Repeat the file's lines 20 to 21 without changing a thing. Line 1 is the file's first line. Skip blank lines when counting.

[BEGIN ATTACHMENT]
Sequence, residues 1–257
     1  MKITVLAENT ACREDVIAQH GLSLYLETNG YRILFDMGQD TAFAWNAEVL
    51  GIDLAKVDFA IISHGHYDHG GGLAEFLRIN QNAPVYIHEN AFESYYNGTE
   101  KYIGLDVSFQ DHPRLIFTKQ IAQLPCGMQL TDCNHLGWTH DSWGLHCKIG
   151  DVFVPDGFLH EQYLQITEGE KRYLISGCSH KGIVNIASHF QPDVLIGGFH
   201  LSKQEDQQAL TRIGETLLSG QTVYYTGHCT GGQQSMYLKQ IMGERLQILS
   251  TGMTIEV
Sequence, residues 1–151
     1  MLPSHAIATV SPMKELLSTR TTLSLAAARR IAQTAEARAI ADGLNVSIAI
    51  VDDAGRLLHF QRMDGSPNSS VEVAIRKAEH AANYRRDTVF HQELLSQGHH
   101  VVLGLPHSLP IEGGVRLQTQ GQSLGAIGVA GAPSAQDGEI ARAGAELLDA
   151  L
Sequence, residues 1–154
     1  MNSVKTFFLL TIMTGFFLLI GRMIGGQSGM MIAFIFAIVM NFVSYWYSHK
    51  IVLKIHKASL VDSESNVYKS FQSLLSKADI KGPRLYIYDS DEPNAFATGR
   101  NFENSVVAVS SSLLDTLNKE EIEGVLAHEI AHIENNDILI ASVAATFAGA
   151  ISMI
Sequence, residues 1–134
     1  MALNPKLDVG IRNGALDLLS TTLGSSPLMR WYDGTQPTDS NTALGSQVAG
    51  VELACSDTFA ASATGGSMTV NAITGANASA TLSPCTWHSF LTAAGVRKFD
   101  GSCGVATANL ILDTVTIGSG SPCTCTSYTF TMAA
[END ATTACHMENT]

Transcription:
    51  VELACSDTFA ASATGGSMTV NAITGANASA TLSPCTWHSF LTAAGVRKFD
   101  GSCGVATANL ILDTVTIGSG SPCTCTSYTF TMAA